Please Save My Earth is one of the finest manga ever written. Due to it’s unconventional narrative structure, reminiscent of films like the Kurosawa masterpiece Rashomon, the manga creates exceptionally emotionally deep explorations of the interesting and unique cast of characters.
There are relatively few film or manga that depart from standard narrative structures. Each scene is shown once, from a single perspective. Generally, each scene moves forwards chronologically. Where there are flashbacks, they serve the limited purpose of informing the viewer of what previously happened, so as to provide context on what happens next.
Ordinarily, these conventions make logical sense. Repeating scenes run the risk of redundancy and boredom, chronology provides coherence and structure that permits you to follow and understand the characters over time.
Akira Kurosawa’s Rashomon (1950)—widely considered one of the greatest films ever made—was the first film to flaunt this convention. It is said to have inspired diverse films like Citizen Kane, The Usual Suspects, and Memento.
In the film, 4 different witnesses each tell a different story of how a Samurai ended up murdered. The bandit claims he seduced the wife, then challenged the samurai to an epic duel, killing him. The bandit clearly wants to look wild, dangerous and cool.
The wife claims she was raped by the bandit, and fainted when her husband looked upon her contemptuously and accusingly—waking to find he had committed suicide. The woman appears to want to protect her honor and reputation.
The ghost of the dead Samurai claims the bandit raped his wife, before the wife encouraged the bandit to kill her husband, and the samurai committed suicide. The samurai appears to want to cast blame on his wife as the instigator, and himself as honorable.
Finally, the woodcutter claims the bandit raped the woman, then the woman encouraged the men to engage in a duel over her—the men were bullied by the woman into reluctantly fighting, conducting a pathetic tentative fight before the bandit won more or less accidentally. Yet we are given reason to doubt even the woodcutter’s account, because he stole a jeweled sword from the scene of the crime.
Rashomon’s greatness comes from it’s understanding about the limits of human subjective perspective, and how those limitations can be translated to film. As Kurosawa himself put it, humans are incapable of being objective or honest, even to themselves. A flashback need not be objective, simply because a scene plays out on screen—a filmmaker can choose to create an “unreliable flashback” that is colored by the subjective perspective of the person telling the story.
Please Save My Earth’s “Moonbase storyline” unfolds in manner very reminiscent of Rashomon. A substantial part of the story is told via flashback. A number of such scenes are shown multiple times, word for word identical, from multiple perspectives.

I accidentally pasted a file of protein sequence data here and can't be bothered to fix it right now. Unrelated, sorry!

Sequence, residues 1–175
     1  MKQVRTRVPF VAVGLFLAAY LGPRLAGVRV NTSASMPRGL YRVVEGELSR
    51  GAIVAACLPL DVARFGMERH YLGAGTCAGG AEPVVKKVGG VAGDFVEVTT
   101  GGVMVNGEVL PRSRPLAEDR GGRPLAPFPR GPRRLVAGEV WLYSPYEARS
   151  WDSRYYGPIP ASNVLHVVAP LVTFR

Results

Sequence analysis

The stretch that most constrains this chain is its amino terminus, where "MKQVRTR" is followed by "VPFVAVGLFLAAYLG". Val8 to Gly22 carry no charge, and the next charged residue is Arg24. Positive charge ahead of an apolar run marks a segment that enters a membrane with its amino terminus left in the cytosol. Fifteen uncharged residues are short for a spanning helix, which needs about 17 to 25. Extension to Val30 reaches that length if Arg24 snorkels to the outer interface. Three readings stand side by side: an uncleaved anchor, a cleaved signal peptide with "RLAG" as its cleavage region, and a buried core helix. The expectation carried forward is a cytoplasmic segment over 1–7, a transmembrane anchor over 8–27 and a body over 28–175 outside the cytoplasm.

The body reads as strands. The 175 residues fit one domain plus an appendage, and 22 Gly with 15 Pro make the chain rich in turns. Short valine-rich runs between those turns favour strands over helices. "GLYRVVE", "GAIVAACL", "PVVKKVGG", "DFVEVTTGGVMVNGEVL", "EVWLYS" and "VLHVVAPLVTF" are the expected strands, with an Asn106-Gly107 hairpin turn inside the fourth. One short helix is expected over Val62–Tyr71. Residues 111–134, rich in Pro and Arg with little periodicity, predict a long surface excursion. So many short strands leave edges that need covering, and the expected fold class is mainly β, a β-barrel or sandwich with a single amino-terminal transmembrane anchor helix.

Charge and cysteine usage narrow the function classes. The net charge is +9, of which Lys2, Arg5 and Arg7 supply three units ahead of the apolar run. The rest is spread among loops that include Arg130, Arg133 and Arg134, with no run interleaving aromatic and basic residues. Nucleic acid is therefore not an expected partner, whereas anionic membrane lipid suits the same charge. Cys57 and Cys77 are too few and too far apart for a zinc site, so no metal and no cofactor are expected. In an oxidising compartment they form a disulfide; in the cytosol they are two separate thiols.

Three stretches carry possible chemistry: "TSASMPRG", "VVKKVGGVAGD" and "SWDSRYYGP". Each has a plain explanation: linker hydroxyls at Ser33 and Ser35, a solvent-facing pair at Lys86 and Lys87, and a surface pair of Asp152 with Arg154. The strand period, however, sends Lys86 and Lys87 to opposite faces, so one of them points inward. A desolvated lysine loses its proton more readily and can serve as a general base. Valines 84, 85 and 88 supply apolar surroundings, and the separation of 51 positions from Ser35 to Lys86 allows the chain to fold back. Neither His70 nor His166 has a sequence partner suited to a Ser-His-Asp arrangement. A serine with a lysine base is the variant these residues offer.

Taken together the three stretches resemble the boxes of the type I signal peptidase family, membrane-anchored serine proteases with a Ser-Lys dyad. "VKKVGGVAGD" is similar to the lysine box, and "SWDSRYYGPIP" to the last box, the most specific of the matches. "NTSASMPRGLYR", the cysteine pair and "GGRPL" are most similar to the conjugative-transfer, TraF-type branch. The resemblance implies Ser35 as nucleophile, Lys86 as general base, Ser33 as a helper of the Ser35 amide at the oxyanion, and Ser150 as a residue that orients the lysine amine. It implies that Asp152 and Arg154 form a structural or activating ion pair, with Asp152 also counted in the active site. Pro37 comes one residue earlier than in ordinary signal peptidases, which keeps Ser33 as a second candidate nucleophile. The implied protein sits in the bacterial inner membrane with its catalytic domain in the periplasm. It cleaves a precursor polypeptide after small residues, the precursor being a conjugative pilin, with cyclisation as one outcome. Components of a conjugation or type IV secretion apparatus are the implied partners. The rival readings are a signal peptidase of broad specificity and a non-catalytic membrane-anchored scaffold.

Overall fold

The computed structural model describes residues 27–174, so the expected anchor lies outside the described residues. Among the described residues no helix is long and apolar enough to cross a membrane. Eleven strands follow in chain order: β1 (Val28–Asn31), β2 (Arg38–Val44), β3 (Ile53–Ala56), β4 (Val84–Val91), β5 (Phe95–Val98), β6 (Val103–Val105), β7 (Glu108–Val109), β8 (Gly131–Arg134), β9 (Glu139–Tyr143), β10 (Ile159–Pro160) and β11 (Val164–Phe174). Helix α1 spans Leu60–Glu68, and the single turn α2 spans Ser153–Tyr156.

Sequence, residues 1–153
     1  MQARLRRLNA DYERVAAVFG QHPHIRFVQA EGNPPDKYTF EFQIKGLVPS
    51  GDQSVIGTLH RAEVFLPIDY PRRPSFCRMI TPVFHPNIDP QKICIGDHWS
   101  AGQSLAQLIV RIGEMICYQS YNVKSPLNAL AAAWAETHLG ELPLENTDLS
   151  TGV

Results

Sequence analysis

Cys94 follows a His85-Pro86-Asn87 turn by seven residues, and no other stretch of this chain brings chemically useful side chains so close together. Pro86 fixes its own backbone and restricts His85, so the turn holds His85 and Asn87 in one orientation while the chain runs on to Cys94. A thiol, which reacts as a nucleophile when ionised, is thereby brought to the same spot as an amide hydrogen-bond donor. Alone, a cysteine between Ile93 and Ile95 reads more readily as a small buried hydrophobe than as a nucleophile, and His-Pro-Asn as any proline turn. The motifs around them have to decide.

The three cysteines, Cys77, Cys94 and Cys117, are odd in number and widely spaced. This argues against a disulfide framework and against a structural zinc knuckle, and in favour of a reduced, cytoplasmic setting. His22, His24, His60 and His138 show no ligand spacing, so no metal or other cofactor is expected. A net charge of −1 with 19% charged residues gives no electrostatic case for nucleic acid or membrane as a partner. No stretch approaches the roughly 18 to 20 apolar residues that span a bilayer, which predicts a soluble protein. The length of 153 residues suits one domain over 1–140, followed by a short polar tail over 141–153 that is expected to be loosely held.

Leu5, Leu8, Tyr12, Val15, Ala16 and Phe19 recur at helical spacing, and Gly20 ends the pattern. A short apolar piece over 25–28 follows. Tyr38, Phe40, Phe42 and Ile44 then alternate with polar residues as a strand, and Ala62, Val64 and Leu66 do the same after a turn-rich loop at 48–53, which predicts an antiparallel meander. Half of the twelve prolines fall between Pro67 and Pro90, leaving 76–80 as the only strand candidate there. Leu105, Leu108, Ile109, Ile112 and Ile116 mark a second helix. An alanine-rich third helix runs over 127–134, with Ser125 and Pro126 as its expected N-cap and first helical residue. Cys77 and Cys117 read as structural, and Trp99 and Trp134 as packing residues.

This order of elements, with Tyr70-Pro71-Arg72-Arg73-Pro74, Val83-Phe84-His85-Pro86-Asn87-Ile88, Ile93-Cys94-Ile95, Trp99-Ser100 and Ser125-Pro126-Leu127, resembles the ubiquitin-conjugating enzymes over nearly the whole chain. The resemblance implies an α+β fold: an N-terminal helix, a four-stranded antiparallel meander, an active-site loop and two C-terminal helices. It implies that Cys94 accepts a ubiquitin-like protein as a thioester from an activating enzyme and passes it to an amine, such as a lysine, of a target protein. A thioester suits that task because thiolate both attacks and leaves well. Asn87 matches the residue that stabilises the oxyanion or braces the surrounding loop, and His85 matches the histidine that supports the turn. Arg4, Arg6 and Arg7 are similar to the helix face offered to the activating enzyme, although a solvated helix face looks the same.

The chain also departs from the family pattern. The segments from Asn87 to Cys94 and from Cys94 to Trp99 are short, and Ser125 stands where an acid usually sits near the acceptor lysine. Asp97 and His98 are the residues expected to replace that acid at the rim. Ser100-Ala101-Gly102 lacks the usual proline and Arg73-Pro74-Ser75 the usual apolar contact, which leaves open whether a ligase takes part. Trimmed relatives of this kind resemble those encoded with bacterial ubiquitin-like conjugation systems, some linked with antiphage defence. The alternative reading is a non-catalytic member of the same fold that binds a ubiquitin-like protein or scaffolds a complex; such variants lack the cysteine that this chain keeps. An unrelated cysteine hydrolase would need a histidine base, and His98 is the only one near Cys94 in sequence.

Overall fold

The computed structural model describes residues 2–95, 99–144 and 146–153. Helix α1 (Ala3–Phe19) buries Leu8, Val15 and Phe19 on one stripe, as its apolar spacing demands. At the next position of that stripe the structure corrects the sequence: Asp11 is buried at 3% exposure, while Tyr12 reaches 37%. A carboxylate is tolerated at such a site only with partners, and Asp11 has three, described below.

Each time the scenes are visited, the perspective and interpretation of the narrator is deeply subjective and personal to the person experiencing the flashback. Very often, the person experiencing the flashback is wrong about the motivations or reasons they attribute to others in their flashbacks.
Use of this technique permits the author to explore on a much deeper emotional level both who the characters are, and why they act the way that they do throughout the storyline.
Please Save My Earth involves two interdependent stories that progress in parallel, which can be termed the “Moonbase storyline” and the “Present Day storyline.”
The manga opens centering on the protagonist, Arisu Sakaguchi in modern day Japan. Arisu is a charming, if shy high school student who recently moved to Tokyo from Hokkaido. She is quirky—she feels at times like plants are speaking to her, and that she can interpret their emotions or thoughts. A friend compares her to Anne of Green Gables.
Arisu has a chance meeting with two classmates, Jinpachi and Issei. Arisu finds out that the two boys have been seeing identical mysterious dreams since they were young every night. The dreams largely take place on a mysterious moon base, where Jinpachi is a man named Gyokuran, and Issei is a woman named Enju.
Awkwardly for the two childhood friends, Enju has intense unreciprocated romantic feelings for Gyokuran. Further awkwardly, the first time Arisu encounters the two discussing their dreams, they had just shared a dream the prior night where Gyokuran and Enju had slept together.
Quite quickly, it becomes apparent that the dreams that the Jinpachi and Issei have shared are flashbacks to their past lives—before they were reborn through reincarnation. Those now deceased individuals were 3-4 inch tall humanoid technologically advanced aliens that maintained a small base on the surface of the moon. It is explained that thus far, the base has been undiscovered by humans due to it’s tiny size.